But the line between Smith and Friedman is not a straight one, as Mr Stedman Jones points out. Smith thought one of the state’s jobs should be to build public works and forge institutions that would otherwise fail under market pressure. Here he sounds more like Franklin Roosevelt. Smith believed the state should fund schools, bridges and roads. Friedman said that was the job of the private sector.
Having trailed the chapters comprising section II of the Companion I now present my co-editor’s piece.
Michael Oakeshott’s writings on education form one of the most attractive aspects of his philosophy and have duly garnered considerable attention. They evoke an ideal of liberal learning for its own sake, freed from the narrowing necessities of practical life and social purpose. This ideal is summed up in Oakeshott’s famous image of the university as a “conversation” between the various modes of understanding that make up our civilization, a conversation that has no predetermined course or destination, an “unrehearsed intellectual adventure” (VLL 39). Of this ideal, Noel Annan wrote: “It was the finest evocation of “the idea of the university’ since Newman; and more subtle and persuasive.” As I hope to show, however, Oakeshott’s philosophy of education is not without its difficulties, and these difficulties largely mirror the ones that run through his philosophy as a whole. In its formalism, conceptual compartmentalization, and rigid separation of theory and practice, Oakeshott’s philosophy of education does not adequately address the problems of specialization, intellectual fragmentation, and cultural isolation that currently afflict education, especially higher education, today.
This is a strange book. From the title, one might expect that it would take up Oakeshott’s complicated understanding and deployment of skepticism throughout his philosophical career; perhaps also his relationship to such favorite skeptical authors as Montaigne, Hobbes, Pascal, Hume, and F. H. Bradley. But Aryeh Botwinick has something else in mind in his book; something both more ambitious and less satisfying. Instead of providing a detailed analysis of Oakeshott’s own views on and uses of skepticism, Botwinick uses Oakeshott to illustrate a larger thesis about how skepticism—which he construes largely in terms of a radical antifoundationalism—issues in a profoundly religious or mystical view of the world. This is not an uninteresting thesis, but whether it captures what is most important and distinctive about Oakeshott’s skepticism or his philosophy in general is doubtful.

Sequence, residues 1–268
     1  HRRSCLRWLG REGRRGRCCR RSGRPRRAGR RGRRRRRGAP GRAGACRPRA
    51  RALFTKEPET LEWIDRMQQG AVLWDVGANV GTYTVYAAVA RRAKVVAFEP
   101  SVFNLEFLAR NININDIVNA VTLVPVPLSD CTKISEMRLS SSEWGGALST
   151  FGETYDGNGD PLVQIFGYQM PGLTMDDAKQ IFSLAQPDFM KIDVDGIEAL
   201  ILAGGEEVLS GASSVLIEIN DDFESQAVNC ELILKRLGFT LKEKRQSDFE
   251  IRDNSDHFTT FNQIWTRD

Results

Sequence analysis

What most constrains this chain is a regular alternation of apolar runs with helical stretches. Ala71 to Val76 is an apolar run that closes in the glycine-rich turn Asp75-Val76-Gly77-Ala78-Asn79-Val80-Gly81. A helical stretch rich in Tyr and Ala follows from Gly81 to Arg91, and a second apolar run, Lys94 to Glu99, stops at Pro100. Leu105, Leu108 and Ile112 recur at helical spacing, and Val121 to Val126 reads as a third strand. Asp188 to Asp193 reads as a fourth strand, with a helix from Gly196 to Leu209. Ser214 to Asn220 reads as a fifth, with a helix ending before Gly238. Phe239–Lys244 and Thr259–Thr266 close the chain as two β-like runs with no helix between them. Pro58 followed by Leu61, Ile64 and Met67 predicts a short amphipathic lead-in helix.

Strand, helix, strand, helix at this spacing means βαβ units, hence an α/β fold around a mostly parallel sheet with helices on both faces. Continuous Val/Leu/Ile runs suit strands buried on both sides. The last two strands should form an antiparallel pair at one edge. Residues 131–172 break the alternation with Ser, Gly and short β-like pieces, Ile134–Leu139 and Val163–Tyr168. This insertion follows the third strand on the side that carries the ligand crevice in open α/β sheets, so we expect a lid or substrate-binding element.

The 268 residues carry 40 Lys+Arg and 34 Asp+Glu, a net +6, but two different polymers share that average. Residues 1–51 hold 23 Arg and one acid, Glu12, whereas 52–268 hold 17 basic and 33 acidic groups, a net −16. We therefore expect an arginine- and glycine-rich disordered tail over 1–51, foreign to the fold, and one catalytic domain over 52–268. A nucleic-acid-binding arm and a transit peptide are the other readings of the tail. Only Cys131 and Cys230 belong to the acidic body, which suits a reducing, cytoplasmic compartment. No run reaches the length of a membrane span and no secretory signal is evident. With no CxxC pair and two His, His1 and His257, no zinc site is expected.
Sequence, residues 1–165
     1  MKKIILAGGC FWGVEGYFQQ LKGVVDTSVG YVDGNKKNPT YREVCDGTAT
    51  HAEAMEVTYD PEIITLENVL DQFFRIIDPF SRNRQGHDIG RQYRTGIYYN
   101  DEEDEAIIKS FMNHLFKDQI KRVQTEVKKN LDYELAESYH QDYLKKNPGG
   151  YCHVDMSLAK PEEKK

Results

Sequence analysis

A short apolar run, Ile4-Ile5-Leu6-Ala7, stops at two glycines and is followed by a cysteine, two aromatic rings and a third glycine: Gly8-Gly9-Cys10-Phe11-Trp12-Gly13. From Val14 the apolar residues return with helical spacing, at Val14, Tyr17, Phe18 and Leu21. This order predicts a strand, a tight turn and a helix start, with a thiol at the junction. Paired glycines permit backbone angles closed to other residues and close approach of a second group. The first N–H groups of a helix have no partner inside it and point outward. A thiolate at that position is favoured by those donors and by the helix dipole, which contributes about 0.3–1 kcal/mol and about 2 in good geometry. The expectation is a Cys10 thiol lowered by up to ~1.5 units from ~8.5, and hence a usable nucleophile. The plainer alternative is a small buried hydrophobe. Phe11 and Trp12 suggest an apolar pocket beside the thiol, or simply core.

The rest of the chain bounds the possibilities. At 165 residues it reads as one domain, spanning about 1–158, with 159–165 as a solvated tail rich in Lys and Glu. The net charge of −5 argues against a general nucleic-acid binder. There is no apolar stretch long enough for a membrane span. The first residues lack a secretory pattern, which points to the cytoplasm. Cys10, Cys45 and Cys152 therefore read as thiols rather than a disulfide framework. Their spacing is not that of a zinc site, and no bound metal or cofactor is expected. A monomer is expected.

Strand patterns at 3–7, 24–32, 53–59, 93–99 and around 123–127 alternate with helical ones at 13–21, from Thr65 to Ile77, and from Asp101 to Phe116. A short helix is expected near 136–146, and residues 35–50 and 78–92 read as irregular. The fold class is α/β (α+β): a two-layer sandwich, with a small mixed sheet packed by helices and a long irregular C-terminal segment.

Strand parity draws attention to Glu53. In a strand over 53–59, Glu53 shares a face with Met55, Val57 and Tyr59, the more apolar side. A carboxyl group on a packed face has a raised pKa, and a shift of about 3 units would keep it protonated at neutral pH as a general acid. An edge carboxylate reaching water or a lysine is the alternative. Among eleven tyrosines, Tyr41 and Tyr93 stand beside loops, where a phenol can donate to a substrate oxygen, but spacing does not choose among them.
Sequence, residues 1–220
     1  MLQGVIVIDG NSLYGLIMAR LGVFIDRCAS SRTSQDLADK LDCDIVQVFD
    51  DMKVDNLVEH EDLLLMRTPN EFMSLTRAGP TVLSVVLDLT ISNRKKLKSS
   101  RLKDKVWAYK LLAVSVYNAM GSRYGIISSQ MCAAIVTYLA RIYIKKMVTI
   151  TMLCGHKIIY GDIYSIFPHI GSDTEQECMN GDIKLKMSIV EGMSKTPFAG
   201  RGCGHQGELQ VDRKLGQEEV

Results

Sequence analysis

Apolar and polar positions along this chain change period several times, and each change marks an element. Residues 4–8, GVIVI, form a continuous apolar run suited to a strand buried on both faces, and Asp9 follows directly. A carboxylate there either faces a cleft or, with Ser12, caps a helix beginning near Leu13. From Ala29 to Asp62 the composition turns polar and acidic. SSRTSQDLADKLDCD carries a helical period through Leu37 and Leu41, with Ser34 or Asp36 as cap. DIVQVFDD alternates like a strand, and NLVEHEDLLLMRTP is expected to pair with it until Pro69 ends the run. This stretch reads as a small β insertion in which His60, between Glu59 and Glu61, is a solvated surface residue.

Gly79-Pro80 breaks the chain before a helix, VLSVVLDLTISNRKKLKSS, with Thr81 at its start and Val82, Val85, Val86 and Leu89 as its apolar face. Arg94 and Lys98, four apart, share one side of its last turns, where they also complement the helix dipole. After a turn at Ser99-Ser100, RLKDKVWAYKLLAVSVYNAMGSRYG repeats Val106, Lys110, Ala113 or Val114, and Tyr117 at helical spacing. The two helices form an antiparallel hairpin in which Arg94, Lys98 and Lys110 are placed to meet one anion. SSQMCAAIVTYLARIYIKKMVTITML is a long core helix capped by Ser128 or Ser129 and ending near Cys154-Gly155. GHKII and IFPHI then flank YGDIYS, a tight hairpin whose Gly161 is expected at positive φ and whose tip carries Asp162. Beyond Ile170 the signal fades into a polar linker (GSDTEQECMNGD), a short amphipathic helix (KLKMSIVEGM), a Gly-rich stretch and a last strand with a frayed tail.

Adrien Guillemin tells me that that the French translation of Michael Oakeshott’s “On Being Conservative” has been released by Les Editions du Félin in Paris with a Preface and a biographical epilogue. He continues: “The book has already been welcomed by a nice editorial in Le Monde and one on the cultural channel of Radio France.” Congratulations to Adrien for this enterprising effort and for seeing it through to fruition some two years after he first made contact regarding copyright.
This Oakeshott reference from Colorado College’s website, notable because many so-called “liberal” arts colleges are only nominally “liberal” in the Oakeshottian sense. Check out Oakeshott’s essay “A Place of Learning” and other essays of his from The Voice of Liberal Learning. Paul Franco has written an essay for the “Companion” entitled “Un Début dans la Vie Humaine: Michael Oakeshott on Education“.
It’s not just talk. It’s “an endless unrehearsed intellectual adventure,” the British philosopher Michael Oakeshott told a crowd at the college in 1975 during a week-long visit that left him delighted and impressed by the faculty, the students, and the magnificent setting.
It’s a conversation, Oakeshott said, “in which, in imagination, we enter into a variety of modes of understanding the world and ourselves.” Here, he saw unlimited opportunities to learn and to reflect on learning. This is the tradition you’ll draw upon as you navigate this place of learning, block by block.
Spend an intense three and a half weeks reading Shakespeare, then another pondering the social value of video games, then perhaps another examining RNA with a professor who shares the joy of a science-glimpse into what makes us human. You’ll write, you’ll read, you’ll paint or sing or calculate or contemplate. You’ll take a deep breath and at some point it will all make sense. You’re learning to understand, and you know it’s a lifelong conversation.